How much should a church reflect the culture around it?
Thought about that lately?
Well, church leadership types think about it, and disagree about it, all the time.
I think most of them are on board with the idea that a church should be enough like the culture around it to communicate clearly and effectively to that culture. It seems like a common sense principle, But “you know who” is in the details.
And here’s where I share a case in point…
The Hip Church
There’s a local church in my area that occasionally sends me well-designed direct mail advertising promoting a sensible, relevant image of Christianity and their church. It’s a fast-growing, multi-campus Evangelical church that minimizes its denominational affiliation and takes a “seeker-sensitive” approach to congregational worship. That means they approach congregational worship as if it’s specifically FOR non-church people.
This past Sunday, my youngest daughter and I paid the nearest campus (which is a local high school for now) a visit.
As we entered, we were good morning-ed and welcomed by several folks in a non-threatening way. I took a few seconds to walk into the cafeteria where I noticed a walled-off area inside which I could hear the noise of children having a good time. Next to this, several people were sipping caffeine around a coffee bar displaying what looked like a Starbucks logo.
I paused for a moment, then turned to enter the auditorium. Good, we were 5 minutes early. I thanked the smiling man with the stack of Bibles to hand out, and informed him I had my own (YouVersion on my iPhone).
Then we passed into the auditorium which was lit and musically themed as if for a concert, dark and intimate. Soft aqua and lime spot lights focused attention on the stage while Cold Play provided the prelude.
The “Audience Event”
At the advertised time a band — actually a first-rate, really tight band — took the stage and the amplified thunder began.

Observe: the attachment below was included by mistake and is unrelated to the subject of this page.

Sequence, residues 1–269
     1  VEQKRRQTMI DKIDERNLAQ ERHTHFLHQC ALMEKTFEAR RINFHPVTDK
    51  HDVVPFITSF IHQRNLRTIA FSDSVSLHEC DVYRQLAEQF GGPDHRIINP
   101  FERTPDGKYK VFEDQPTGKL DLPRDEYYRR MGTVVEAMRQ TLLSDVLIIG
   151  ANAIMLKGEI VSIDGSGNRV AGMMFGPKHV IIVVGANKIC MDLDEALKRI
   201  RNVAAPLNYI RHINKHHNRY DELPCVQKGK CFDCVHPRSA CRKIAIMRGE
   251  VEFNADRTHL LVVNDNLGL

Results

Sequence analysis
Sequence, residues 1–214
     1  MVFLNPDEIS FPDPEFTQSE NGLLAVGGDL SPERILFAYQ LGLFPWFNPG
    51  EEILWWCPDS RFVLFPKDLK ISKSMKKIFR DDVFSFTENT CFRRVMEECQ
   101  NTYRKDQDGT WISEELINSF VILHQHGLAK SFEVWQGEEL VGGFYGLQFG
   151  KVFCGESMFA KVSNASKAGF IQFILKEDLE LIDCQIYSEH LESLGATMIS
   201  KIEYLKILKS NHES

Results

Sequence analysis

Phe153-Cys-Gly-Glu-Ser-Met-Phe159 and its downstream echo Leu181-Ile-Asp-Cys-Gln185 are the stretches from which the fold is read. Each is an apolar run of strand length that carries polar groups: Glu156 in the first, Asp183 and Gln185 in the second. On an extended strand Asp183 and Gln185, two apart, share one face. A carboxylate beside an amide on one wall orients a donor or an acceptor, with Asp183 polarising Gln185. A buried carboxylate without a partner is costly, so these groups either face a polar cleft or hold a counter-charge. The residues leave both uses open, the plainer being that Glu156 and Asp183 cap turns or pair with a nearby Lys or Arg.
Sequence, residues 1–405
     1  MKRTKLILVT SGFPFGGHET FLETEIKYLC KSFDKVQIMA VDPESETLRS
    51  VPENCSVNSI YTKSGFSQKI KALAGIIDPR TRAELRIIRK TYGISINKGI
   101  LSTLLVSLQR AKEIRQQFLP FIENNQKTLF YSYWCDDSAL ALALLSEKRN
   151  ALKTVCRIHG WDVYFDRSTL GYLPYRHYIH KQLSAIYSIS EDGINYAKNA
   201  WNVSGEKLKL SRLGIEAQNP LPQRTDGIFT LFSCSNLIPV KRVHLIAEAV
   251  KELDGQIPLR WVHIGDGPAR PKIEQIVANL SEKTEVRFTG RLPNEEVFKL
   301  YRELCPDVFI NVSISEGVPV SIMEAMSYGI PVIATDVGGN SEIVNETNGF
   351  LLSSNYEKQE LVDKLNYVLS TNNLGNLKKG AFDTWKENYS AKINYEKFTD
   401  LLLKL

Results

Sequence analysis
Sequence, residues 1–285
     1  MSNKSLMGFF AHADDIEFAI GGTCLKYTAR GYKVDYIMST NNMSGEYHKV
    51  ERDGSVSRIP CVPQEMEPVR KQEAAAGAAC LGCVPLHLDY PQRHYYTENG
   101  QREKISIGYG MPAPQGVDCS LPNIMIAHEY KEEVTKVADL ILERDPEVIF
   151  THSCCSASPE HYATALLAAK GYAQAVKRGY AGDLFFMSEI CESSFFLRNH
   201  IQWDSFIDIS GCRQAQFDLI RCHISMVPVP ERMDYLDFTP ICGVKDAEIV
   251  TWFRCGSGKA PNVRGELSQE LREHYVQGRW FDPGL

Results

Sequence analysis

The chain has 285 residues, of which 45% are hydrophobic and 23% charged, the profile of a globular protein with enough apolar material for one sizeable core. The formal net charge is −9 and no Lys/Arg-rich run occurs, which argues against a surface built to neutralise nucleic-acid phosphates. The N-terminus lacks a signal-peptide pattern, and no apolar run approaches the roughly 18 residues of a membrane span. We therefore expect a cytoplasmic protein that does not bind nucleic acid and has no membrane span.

Yeah… It was loud.
It was energetic. It was really well-performed. The band members (who all looked twenty-something) played and sang with tons of sincere passion. The congregation (or, is it audience?) sang along as if at a concert, meaning, it was more like listening and reading words projected on screens with cool graphics than actual group singing. They performed, er… led four songs, one of which was a terrific re-mix of “Jesus Paid It All,” while another contained some questionable theology.
Then the Pastor took the stage. Here’s a treat! Turns out he was the “Executive Pastor” (remember the multi-campus thing?) making his rounds to this particular campus that day.
He preached on faith. He challenged us to believe. He asked us what we believed. He told us we might be one prayer away from God’s answer. He told us prayer was more about learning to be with God than getting from God, but still, somehow we needed to pray with more faith.
Then he prayed, “God, help us to pray like all the power of the Kingdom of Heaven is at our disposal.”
(I almost fainted. Yikes!)
Announcements. Offering. Close with the band.
Notice anything missing?
Relevant… For What?
Here’s what I think this church was trying to communicate:
“God is really awesome and isn’t cool to know him… dude?”
It was church as a mall, church as day care, church as rock concert, church as coffee shop — all very relevant and familiar. But, the gospel message that presumably would gain a more favorable hearing from all this relevance was missing.
I think Jesus was mentioned only in the hymn and closing prayer. The cross was never mentioned. Jesus’ own call for repentance and pronouncement of forgiveness through His work was never mentioned. The congre-audience was never instructed in what to believe or Who to believe or why believe. Virtually every important and meaningful element of the gospel was never communicated in lyric or sermon or prayer or symbol.
So I have to ask, if this is the congregational worship service of the future, what impact will this have on the congregation?
The Future Average Church
If the Hip Church becomes the average church, will it matter if we still call ourselves “Christians” (i.e. little Christs), or will “Generic, spiritual, sincere people of faith” do just fine?
In the Hip Church future, sincere people of faith probably won’t know much about God, what He’s all about, what He requires of us, what He’s done for us, or how to serve Him, or even how to find out.
But that’s okay…
It’s cool just knowing He’s up there, right? Dude?